"Everything is bigger in Texas" as the slogan goes on a T-shirt in the fan store of the new Dallas Cowboy's stadium. I couldn't think of how true that statement was in relation to the new stadium's carbon footprint. I recently just got back from a family wedding in Dallas, Texas. During our stay, we toured around the new Dallas Cowboy's stadium as my cousin has always been a big fan. The stadium is set to hold 80,000 people with the ability to expand to a 100,000. The structure is beyond big and resembles the alien aircraft in the 1996 film "Independence Day".
We took a guided tour of the facility which needless to say was jaw-dropping and not in a good way. There seemed to be only one goal of this stadium: to break records. Largest this, the most number of that, tallest this, it was flat out disgusting at the enormity of resources that were wasted to make this structure.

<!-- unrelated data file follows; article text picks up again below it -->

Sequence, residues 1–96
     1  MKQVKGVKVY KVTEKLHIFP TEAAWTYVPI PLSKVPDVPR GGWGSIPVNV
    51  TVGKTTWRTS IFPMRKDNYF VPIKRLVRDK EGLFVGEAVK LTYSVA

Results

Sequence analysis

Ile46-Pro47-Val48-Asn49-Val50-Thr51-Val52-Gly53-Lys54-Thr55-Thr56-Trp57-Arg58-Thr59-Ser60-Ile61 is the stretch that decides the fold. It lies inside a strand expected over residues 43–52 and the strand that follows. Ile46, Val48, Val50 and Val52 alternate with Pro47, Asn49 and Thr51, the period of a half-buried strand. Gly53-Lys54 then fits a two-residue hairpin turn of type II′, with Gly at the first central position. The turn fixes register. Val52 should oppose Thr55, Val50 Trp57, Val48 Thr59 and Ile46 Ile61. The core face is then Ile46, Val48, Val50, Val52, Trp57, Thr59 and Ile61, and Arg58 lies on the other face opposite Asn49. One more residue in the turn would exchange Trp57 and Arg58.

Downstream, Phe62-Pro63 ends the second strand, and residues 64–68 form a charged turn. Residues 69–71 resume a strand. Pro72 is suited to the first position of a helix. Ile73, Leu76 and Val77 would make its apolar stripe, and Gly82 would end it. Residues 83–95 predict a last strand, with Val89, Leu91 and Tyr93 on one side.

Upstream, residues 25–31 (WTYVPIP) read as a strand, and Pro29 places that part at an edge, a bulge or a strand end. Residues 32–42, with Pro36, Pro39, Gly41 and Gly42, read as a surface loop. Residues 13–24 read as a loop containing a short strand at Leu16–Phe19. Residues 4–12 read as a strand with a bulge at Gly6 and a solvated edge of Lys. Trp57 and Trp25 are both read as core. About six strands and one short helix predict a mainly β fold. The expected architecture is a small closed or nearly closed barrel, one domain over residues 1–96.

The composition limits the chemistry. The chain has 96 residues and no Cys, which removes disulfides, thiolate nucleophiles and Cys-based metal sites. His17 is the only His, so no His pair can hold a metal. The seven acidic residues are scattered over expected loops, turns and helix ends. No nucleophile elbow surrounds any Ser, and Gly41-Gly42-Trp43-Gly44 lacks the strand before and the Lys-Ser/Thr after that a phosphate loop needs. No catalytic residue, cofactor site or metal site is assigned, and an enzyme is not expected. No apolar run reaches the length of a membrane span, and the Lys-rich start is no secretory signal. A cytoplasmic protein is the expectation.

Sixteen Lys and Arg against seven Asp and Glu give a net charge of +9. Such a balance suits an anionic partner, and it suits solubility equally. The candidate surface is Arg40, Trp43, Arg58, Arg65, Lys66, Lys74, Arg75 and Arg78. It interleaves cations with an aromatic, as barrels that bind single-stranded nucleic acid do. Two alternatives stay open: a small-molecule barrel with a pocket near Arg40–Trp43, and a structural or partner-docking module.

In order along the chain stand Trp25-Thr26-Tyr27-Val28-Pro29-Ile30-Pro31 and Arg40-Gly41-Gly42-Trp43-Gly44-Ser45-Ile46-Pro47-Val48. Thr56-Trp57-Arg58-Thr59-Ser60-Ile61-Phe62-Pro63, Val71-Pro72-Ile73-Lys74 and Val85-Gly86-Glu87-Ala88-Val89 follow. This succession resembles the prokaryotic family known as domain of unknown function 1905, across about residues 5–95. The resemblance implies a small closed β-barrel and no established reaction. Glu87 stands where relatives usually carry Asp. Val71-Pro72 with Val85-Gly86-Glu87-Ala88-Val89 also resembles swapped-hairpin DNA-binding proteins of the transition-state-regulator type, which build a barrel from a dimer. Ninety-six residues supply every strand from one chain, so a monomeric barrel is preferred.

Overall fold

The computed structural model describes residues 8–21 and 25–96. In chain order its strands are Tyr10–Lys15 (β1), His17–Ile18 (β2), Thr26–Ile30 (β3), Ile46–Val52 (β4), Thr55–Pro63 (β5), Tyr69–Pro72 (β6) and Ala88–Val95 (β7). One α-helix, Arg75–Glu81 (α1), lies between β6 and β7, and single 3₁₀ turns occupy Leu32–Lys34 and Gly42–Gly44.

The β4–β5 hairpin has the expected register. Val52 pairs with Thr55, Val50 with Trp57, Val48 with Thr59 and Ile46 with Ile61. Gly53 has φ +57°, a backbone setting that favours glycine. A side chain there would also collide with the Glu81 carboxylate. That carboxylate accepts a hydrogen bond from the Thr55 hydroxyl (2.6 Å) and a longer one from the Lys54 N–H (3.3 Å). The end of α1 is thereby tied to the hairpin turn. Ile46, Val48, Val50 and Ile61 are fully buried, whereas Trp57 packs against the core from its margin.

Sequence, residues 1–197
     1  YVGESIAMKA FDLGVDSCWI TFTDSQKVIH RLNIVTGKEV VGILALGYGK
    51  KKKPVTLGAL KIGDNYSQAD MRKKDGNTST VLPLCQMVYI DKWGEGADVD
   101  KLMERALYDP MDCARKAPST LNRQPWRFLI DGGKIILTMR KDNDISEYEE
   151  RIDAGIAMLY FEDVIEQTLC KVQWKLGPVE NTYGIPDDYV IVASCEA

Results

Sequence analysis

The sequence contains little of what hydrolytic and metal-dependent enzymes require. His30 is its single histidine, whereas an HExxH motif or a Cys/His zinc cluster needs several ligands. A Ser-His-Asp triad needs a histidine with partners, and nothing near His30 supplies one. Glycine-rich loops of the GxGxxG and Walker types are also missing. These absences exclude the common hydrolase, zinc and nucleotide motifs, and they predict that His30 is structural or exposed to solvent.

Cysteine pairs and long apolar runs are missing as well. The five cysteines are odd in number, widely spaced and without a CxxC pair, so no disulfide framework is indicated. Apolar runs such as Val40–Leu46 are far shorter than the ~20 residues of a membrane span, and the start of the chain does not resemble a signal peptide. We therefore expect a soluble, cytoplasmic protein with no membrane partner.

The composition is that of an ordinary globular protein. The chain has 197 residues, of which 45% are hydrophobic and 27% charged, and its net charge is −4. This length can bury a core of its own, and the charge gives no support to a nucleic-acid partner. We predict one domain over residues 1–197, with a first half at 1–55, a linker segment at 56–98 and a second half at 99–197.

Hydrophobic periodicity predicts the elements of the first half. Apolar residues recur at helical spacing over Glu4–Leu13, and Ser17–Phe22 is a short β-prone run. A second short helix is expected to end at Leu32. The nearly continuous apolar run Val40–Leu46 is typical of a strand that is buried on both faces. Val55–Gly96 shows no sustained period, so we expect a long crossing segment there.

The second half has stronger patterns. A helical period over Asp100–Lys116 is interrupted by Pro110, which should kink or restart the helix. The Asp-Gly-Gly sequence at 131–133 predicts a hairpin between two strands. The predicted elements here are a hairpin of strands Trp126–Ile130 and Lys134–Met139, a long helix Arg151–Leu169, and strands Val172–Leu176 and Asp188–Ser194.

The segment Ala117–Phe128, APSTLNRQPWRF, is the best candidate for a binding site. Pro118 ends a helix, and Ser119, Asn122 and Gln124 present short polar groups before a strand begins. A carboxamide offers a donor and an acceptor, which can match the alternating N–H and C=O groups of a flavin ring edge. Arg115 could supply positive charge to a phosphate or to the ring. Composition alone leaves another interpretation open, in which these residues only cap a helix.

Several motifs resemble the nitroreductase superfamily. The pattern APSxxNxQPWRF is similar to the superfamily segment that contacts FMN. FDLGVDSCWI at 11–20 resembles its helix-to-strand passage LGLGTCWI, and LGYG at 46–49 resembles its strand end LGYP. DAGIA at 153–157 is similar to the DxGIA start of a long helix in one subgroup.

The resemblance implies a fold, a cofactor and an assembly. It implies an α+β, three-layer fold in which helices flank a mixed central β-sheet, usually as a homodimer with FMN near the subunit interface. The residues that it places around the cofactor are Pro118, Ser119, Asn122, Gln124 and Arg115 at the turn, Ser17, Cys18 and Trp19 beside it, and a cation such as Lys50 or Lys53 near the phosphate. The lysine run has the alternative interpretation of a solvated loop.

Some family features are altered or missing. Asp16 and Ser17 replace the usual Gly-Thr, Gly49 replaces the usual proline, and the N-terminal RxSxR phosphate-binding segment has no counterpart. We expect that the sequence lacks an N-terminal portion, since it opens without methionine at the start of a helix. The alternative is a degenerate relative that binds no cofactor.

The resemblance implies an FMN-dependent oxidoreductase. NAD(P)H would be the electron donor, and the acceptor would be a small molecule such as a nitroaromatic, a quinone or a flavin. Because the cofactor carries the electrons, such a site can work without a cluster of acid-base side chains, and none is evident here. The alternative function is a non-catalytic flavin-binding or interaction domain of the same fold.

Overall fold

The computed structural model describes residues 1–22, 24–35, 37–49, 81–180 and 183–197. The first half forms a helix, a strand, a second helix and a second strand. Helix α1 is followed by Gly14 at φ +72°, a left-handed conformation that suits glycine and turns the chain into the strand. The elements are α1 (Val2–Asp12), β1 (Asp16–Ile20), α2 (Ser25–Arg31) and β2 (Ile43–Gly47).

|The Cowboys new stadium|
During the tour, I raised the question, "How much are the utility bills?" The tour guide giggled and said "I'll get to that in a minute". About 5 minutes later he pulled together the large group to announce what seemed like an accomplishment in his eyes. "The stadium averages roughly $200,000 in monthly utility bills," he claims. My brain went wild with figures as I tried to translate that into energy terms. Assuming that the electric bill will be the majority of the purchase i.e. air conditioning, lighting, and equipment, the total amount of energy consumed based on Texas's average commercial $/kWh is 2,036,560 kWh per month, or roughly 24,439,918 kWh per year. To give you some perspective, this is equivalent to the same amount of energy as the city of Santa Monica, CA (Pop. 88,000) uses per year. Why is a stadium that is only used for about 5 hours every other week during the NFL season consuming as much energy as an entire city?